• 6. There are hints of some aspects influencing the cortisol reaction on stress in humans: Gender and in women the menstrual cycle seem to have impact on this hormone profile and the application of drugs like oral contraceptives seem to decrease the response of cortisol on stress according to Kirschbaum et al. (1999). 14 50 Stress 45 StressSalivary Free Cortisol (nmol/l) Total Plasma Cortisol (nmol/l : 10) 12 40 10 35 30 8 25 6 20 4 15 10 2 5 0 0 0 10 20 30 40 50 60 70 80 0 10 20 30 40 50 60 70 80 Time (min.) Time (min.) Luteal phase (n = 21) Men (n = 20) Follicular phase (n = 19) OC user (n = 21) Fig. 25: Impact of gender, menstrual cycle and oral contraceptives during stress on salivary free cortisol and total plasma cortisol. Healthy men and women run through the Trier Social Stress Test (TSST). Basal cortisol level are taken the day before (C. Kirschbaum et al., 1999). Occupational Medicine Some common issue in community is the adaptation of people to shift work. There are some people who could bear the change of the working time without any problems, and others do have psychological difficulties during the adaptation time. In some study (Hennig et al. 1998) it is discussed to differentiate these to groupss of people by the change in the diurnal salivary cortisol profile. In this study 24 nurses were involved. They collected saliva samples two days at the early working shift (begin at 6:00 am; end at 9:00 pm) and in the following 7 nights of the night shift (begin at 9:00 pm; end at 6:00 am). Salivary cortisol was asessed in each saliva sample. In figure 26 it is shown that the cortisol morning peak decreased during the night shift, whereas there developed a “night cortisol peak” at 9:00 pm. At the fifth night the cortisol of the night peak exceeded that one of the morning peak. But by looking at the individual cortisol profiles there can be differentiated two kinds of nurses: By 6 of the 24 cortisol profiles even in the 7th night the night cortisol peak didn’t exceed the morning peak. These people are called “non- adapter” in figure 27. These 6 nurses did also report that they have psychological difficulties during the adaptation period of the night shift. It is interesting to know if these non-adapter can be converted to adapter when they are taking melatonin drugs? 36
  • 7. Fig. 26: Diurnal salivary cortisol profile of 24 nurses during two days of the early shift (begin at6:00 am; end at 9:00 pm) and 7 following days of the night shift (begin at 9:00 pm; end at6:00 am; J. Hennig et al., 1998)Fig. 27: Difference of the salivary cortisol concentration of the morning peak and the night peakof 24 nurses during 7 days of the night shift (begin at 9:00 pm; end at 6:00 am). In 18 nurses(called “adapter”) after the fifth night the night cortisol peak exceeded the morning peak,whereas in 6 nurses (called “non-adapter”) this didn’t happen even in the seventh night (J.Hennig et al., 1998). 37
  • 8. Sports medicine:During physical exercise like a run it is known that the free salivary cortisolconcentration is increasing followed by an increase of the free testosterone inman. But there seem to be a difference in the cortisol peak height between welltrained people and so called “non-runners”.Fig. 28: Salivary cortisol and testosterone level during a marathon run (N. J. Cook et al., 1992)During Marathon run: • cortisol level (nmol/l) ? testosterone level (pmol/l)Control Day: ? cortisol level (nmol/l) ? testosterone level (pmol/l)38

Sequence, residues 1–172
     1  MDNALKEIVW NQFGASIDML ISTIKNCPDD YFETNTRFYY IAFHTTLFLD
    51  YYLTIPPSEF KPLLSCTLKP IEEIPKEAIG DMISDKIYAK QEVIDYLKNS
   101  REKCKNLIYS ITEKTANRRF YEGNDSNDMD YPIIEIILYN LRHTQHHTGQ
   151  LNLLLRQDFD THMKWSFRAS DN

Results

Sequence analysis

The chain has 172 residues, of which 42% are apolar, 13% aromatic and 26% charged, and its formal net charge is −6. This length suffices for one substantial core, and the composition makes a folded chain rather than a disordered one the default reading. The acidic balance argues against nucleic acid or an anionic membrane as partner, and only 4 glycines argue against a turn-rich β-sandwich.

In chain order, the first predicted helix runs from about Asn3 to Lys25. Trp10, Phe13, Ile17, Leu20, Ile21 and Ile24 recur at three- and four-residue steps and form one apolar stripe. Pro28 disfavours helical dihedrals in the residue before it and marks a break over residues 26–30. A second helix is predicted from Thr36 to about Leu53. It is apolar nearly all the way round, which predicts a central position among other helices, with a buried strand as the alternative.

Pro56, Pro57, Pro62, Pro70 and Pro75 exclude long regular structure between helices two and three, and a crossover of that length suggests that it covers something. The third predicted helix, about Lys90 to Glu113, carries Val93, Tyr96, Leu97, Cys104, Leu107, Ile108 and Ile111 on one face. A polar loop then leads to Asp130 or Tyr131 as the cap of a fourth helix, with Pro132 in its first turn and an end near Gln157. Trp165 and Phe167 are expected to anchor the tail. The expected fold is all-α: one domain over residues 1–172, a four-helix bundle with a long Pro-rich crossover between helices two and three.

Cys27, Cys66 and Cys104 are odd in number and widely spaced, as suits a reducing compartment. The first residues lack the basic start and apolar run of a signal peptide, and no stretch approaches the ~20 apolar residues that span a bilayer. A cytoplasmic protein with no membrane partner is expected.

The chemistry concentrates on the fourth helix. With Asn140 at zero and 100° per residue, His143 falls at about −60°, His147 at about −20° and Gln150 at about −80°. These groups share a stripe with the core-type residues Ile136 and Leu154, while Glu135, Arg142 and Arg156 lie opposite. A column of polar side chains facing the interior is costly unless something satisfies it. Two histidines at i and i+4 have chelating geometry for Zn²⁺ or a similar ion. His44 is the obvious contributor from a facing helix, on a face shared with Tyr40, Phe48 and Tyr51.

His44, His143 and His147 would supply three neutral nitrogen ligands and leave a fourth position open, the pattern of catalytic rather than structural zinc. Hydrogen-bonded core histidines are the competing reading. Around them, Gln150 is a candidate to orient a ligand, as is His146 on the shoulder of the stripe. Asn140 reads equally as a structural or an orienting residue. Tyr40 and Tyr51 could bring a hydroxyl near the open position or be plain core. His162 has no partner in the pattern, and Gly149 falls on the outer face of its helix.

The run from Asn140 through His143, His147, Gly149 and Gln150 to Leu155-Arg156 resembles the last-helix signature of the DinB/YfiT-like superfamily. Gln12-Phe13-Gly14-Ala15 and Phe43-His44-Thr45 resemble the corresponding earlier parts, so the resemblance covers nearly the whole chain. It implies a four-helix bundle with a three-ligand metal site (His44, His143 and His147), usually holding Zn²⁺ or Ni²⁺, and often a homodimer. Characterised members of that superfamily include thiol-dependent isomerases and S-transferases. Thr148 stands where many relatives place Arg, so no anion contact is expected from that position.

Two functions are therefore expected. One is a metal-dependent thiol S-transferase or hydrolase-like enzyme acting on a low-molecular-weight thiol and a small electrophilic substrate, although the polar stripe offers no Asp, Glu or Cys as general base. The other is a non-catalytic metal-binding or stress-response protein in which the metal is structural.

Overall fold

• 9. 18 180 Cortisol in Saliva Testosterone in Saliva 16 160 Testosterone in Saliva (pg/ml) 14 140Cortisol in Saliva (ng/ml) 12 120 Begin of 10 Jogging 100 8 80 6 60 4 40 End of 2 20 Jogging 0 0 5:40 PM 6:20 PM 7:00 PM 7:40 PM Fig. 29: Salivary cortisol and testosterone level during a 5 km run measured with the LIA of IBL- Hamburg. 39
  • 10. 9 Runners (n = 13) Non-runners (n = 13) 8 7Salivary Cortisol (ng/ml) 6 5 4 3 2 1 0 Pre-exercise 25 min. of exercise 10 min. post 30 min. post exercise exercise Fig. 30: Salivary cortisol response during physical exercise of trained and non-trained people. (D. L. Rudolph and E. McAuley, 1998). Runners = cross-country runners (ca. 100 km per week for 2 years); non-runners = students; exercise = 30 min. treadmill run (60 % of max. heart rate and max. oxygen consumption) Endocrinology: Up to now it is sometimes a problem to discriminate the patients with an early stage of Cushing Disease with healthy persons above all obese humans. Usually for the endocrine diagnosis an assessment of a diurnal cortisol profile or a dexamethason suppression function test (1mg Dexamethason applicated at midnight and taking the sample between 8.00 and 9.00 am.) are performed. There are some hints that the discrimination between healthy adults and Cushing syndrome patients is better by assessing the free salivary cortisol levels than the total plasma cortisol. 40
  • 11. Fig. 31: Saliva and plasma cortisol levels after the Dexamethason-Suppression-Test (Z. Barrouet al., 1996). Application of 1 mg dexamethasone at midnight and taking the plasma and salivasamples between 8 and 9 am; Saliva collection with Salivettes. 41